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What is a Credit Card Surcharge?

Tricia Christensen
Updated May 16, 2024
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A credit card surcharge could refer to an extra fee charged for purchase, usually at point of purchase with the credit card or any other paying mechanism a credit company might offer, such as checks. It might also refer to charges assessed to receive a credit card payment, as is common in any sales establishment or with a vendor of any sort. There can be some strict rules governing what credit card surcharge types are allowable, and under what circumstances credit cards are accepted.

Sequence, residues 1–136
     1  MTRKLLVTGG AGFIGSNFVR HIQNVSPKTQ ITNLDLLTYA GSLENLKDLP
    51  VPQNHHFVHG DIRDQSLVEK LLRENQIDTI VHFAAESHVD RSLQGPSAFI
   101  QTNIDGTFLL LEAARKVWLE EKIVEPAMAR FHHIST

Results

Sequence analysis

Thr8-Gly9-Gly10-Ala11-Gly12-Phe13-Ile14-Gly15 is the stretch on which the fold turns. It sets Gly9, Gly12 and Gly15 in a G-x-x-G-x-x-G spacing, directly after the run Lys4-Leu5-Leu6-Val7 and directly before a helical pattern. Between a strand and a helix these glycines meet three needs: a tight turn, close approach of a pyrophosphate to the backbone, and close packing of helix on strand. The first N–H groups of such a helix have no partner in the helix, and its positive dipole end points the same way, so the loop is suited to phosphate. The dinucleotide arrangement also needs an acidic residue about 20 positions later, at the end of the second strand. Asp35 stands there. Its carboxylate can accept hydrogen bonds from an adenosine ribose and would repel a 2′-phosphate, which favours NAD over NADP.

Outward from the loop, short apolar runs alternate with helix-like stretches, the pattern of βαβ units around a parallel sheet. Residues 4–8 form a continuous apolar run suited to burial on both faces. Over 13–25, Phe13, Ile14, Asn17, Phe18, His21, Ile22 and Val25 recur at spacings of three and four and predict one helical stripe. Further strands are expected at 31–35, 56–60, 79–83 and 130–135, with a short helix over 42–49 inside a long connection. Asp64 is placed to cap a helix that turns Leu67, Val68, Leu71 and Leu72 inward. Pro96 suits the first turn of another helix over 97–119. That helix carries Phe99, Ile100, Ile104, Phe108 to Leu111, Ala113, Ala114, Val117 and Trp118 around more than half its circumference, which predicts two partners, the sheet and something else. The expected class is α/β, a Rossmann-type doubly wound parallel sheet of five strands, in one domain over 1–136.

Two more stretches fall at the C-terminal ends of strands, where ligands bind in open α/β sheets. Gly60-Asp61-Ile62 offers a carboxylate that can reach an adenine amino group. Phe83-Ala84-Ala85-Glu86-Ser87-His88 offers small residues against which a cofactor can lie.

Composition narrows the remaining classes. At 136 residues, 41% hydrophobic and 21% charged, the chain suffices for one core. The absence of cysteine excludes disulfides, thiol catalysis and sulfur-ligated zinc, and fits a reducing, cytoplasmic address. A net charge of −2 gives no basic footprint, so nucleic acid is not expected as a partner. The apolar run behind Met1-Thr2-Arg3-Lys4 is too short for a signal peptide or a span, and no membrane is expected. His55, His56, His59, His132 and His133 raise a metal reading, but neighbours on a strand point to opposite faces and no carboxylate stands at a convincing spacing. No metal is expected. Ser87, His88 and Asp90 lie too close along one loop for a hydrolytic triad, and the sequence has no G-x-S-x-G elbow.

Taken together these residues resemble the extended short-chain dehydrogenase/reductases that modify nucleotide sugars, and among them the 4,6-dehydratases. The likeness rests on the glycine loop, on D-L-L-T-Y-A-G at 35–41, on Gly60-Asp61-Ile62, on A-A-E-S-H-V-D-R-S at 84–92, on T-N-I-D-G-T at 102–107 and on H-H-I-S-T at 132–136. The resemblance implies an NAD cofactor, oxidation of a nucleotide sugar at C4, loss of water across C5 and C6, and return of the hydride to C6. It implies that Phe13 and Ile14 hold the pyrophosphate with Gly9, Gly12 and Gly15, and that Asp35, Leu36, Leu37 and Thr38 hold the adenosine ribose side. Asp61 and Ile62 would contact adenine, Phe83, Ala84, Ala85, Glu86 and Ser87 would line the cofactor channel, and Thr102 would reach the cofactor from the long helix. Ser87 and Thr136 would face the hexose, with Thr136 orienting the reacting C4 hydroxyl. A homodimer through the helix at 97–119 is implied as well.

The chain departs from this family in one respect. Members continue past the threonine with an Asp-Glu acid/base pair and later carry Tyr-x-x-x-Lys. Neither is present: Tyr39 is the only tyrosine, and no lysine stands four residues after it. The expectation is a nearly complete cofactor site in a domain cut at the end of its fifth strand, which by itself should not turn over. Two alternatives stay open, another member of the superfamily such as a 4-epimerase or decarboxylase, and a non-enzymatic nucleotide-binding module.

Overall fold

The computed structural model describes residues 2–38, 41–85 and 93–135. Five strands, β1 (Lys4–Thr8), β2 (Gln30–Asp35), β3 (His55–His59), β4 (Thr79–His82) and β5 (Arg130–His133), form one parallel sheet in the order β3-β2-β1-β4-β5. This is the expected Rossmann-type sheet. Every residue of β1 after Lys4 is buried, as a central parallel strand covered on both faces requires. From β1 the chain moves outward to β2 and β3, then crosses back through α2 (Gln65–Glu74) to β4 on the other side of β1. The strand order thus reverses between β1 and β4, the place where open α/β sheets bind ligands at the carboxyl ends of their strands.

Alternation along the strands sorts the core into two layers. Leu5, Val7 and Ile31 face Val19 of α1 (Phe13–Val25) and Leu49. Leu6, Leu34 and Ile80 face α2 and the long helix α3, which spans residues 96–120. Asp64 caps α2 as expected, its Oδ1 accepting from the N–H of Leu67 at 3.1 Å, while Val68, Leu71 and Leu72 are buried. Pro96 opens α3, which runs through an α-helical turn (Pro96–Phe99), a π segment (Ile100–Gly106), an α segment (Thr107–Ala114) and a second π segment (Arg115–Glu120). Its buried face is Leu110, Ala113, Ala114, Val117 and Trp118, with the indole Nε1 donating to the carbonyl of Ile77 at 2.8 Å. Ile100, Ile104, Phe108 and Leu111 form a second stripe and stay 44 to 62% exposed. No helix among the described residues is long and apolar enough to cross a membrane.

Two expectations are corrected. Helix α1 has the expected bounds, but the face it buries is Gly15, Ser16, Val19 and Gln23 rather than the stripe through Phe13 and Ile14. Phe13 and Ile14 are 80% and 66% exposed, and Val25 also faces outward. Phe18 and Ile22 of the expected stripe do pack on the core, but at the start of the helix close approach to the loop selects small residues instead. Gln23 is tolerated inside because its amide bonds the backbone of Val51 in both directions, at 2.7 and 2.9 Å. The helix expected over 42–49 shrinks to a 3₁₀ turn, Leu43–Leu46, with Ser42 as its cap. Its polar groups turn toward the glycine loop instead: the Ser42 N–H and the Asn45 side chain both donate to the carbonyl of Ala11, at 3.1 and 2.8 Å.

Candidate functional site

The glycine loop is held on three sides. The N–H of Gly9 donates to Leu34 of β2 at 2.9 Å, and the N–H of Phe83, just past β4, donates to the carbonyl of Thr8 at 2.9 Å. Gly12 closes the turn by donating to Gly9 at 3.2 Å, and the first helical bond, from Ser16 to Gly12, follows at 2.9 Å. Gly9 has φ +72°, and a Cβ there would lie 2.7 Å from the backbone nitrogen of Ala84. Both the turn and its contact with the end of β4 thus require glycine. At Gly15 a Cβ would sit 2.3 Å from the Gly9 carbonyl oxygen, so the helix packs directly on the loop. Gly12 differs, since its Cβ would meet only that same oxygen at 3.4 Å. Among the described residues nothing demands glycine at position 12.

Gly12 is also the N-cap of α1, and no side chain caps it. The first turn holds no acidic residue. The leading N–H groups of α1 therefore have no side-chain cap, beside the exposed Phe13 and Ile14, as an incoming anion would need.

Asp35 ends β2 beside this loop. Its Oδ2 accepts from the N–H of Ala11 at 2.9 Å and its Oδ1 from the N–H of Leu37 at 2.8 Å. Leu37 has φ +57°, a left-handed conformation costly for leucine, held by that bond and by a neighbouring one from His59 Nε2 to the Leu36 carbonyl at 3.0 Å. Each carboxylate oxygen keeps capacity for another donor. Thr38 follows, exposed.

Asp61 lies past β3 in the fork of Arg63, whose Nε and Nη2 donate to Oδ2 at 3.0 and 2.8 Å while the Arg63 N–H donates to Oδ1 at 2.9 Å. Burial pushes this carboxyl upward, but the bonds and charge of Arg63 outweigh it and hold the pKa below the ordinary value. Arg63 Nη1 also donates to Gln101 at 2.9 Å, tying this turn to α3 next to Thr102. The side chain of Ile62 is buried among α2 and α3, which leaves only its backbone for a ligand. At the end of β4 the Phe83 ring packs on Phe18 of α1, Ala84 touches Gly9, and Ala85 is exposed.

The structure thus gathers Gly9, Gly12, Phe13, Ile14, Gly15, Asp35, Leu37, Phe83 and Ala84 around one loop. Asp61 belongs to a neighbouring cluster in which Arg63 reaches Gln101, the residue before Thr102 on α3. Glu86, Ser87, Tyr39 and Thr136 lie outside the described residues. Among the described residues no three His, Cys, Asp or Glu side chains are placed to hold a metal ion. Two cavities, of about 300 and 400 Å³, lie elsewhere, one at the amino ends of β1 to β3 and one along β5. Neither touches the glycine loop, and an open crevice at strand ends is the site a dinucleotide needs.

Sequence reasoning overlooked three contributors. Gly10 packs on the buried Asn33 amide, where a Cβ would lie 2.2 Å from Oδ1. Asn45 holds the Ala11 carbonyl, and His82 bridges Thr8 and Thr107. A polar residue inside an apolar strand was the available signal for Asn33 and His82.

In many places, credit companies do not allow vendors to assess a credit card surcharge to purchases made by consumers. This is true of companies like Visa® and Master Card®. Some states in the US don’t allow surcharges at all on any cards, and with companies like American Express® or Discover, these fees can’t be passed on to a consumer if a vendor accepts Visa® and Master Card®, too. What is permissible is for vendors to offer a lower price for people who pay with cash or checks, called a cash discount, and offers like these may be found in all states. It’s also the case that in many foreign countries, it’s legal to assess an additional percentage to a purchase as an exchange rate charge.